Pagana, Kathleen D. & Pagana, Timothy J. (2001). Mosby's Diagnostic and Laboratory Test Reference 5th Edition: Mosby, Inc., Saint Louis, MO. Adrenal venography, Pp 12-14, Aldosterone Pp 35-38, Renin Pp 742-743.

Jain, T. (2004 February 2). Aldosterone. MedlinePlus Medical Encyclopedia [On-line information]. Available online at http://www.nlm.nih.gov/medlineplus/print/ency/article/003704.htm.

(© 2005). Aldosterone, Serum and Urine. ARUP's Guide to Clinical Laboratory Testing [On-line information]. Available online at http://www.aruplab.com/guides/clt/tests/clt_al36.jsp through http://www.aruplab.com.

Jain, T. (2004 February 2). Hyperaldosteronism – primary and secondary. MedlinePlus Medical Encyclopedia [On-line information]. Available online at http://www.nlm.nih.gov/medlineplus/print/ency/article/000330.htm.

Pagana, K. D. & Pagana, T. J. (© 2007). Mosby's Diagnostic and Laboratory Test Reference 8th Edition: Mosby, Inc., Saint Louis, MO. Pp 32-32, 815-819.

Wu, A. (© 2006). Tietz Clinical Guide to Laboratory Tests, 4th Edition: Saunders Elsevier, St. Louis, MO. Pp 74-79, 946-951.

Holt, E. (Updated 2008 March 18). Aldosterone. MedlinePlus Medical Encyclopedia On-line information]. Available online at http://www.nlm.nih.gov/medlineplus/ency/article/003704.htm. Accessed July 2009.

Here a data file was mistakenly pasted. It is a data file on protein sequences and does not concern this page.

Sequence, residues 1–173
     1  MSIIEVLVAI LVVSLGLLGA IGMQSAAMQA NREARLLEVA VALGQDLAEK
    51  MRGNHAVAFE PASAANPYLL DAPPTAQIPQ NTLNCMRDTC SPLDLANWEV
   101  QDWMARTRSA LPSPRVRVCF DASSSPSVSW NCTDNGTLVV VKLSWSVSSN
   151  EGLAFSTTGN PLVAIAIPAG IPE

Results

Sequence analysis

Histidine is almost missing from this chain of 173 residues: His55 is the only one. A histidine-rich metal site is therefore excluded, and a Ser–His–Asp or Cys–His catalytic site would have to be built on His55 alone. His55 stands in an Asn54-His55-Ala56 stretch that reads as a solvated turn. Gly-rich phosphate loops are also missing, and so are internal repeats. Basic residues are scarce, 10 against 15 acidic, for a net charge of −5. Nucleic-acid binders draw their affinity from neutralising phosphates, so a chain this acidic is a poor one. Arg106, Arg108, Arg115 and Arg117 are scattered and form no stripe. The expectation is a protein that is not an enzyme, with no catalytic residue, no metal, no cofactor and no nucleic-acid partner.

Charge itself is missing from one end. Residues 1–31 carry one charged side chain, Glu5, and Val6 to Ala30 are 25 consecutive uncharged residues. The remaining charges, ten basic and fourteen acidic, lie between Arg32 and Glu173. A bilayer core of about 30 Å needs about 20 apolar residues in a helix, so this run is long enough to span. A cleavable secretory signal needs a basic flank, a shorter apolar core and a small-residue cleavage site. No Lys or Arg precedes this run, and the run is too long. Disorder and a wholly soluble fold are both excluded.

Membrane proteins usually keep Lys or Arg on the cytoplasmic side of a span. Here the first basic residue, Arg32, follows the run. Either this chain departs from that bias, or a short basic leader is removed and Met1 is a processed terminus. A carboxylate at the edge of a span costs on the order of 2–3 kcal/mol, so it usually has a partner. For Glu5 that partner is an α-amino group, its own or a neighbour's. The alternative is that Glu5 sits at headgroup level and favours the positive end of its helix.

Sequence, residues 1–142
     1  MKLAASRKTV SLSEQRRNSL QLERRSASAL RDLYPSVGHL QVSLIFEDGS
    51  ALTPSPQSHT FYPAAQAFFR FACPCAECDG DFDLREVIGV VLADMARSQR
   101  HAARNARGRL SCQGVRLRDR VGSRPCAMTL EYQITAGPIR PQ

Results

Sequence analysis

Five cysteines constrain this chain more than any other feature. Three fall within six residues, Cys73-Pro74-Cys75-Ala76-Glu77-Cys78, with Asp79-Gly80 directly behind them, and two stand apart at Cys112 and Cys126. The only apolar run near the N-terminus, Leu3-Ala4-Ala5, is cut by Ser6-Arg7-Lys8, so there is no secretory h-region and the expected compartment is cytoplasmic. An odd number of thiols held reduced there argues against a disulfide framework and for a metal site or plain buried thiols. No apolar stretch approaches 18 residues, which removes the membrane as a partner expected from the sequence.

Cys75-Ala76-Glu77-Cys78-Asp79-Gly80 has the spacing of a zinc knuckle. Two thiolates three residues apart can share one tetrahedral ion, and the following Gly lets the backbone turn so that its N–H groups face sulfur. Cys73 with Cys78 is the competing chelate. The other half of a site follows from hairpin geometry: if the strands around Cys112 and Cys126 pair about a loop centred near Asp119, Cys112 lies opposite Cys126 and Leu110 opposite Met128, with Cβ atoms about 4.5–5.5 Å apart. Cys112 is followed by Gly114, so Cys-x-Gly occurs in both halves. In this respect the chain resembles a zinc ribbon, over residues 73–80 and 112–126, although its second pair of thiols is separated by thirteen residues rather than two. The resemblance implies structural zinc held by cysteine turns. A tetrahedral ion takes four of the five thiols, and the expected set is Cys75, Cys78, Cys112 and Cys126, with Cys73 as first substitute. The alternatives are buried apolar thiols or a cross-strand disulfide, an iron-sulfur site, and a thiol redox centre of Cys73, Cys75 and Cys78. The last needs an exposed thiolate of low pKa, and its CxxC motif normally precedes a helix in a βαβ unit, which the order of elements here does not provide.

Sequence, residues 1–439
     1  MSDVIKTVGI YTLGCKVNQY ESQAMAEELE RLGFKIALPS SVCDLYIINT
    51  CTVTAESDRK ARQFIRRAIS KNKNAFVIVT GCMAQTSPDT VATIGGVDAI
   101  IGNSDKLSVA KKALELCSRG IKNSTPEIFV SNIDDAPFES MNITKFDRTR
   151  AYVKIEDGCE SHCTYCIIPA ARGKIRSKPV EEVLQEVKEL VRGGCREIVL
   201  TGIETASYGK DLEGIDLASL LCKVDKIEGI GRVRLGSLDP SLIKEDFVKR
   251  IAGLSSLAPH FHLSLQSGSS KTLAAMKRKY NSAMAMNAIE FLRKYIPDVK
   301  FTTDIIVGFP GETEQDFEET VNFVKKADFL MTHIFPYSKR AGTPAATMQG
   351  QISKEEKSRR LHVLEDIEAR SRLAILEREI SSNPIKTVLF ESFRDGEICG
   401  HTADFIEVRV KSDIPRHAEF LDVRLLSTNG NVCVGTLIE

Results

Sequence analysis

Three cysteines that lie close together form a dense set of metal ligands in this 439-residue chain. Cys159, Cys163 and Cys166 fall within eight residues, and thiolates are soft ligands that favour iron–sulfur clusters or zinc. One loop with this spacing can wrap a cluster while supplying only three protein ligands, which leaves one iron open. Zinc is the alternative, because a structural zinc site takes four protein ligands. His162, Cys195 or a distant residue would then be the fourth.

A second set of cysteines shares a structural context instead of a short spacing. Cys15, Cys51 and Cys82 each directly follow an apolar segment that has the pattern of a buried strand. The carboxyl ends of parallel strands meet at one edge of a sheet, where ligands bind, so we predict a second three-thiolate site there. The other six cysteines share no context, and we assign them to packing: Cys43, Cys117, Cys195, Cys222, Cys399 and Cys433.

Mushnick, R. (Updated 2007 October 22). Renin. MedlinePlus Medical Encyclopedia On-line information]. Available online at http://www.nlm.nih.gov/medlineplus/ency/article/003698.htm. Accessed July 2009.

(2008 September). The Hormone Foundation's Patient Guide to Detection, Diagnosis, and Treatment of Primary Aldosteronism. The Hormone Foundation [On-line information]. PDF available for download at http://www.hormone.org/Resources/Patient_Guides/upload/detection-diagnosis-and-treatment-of-primary-aldosteronism-122208.pdf through http://www.hormone.org. Accessed July 2009.

Mayo Clinic Staff (2009 January 6). Primary aldosteronism. MayoClinic.com [On-line information]. Available online at http://www.mayoclinic.com/print/primary-aldosteronism/DS00563/DSECTION=all&METHOD=print through http://www.mayoclinic.com. Accessed July 2009.

Jabbour, S. (Updated 2009 May 21). Conn Syndrome. Emedicine [On-line information]. Available online at http://emedicine.medscape.com/article/117280-overview through http://emedicine.medscape.com. Accessed July 2009.

(Updated 2009 May). Aldosteronism. ARUP Consult [On-line information]. Available online at http://www.arupconsult.com/Topics/EndocrineDz/Aldosteronism.html through http://www.arupconsult.com. Accessed July 2009.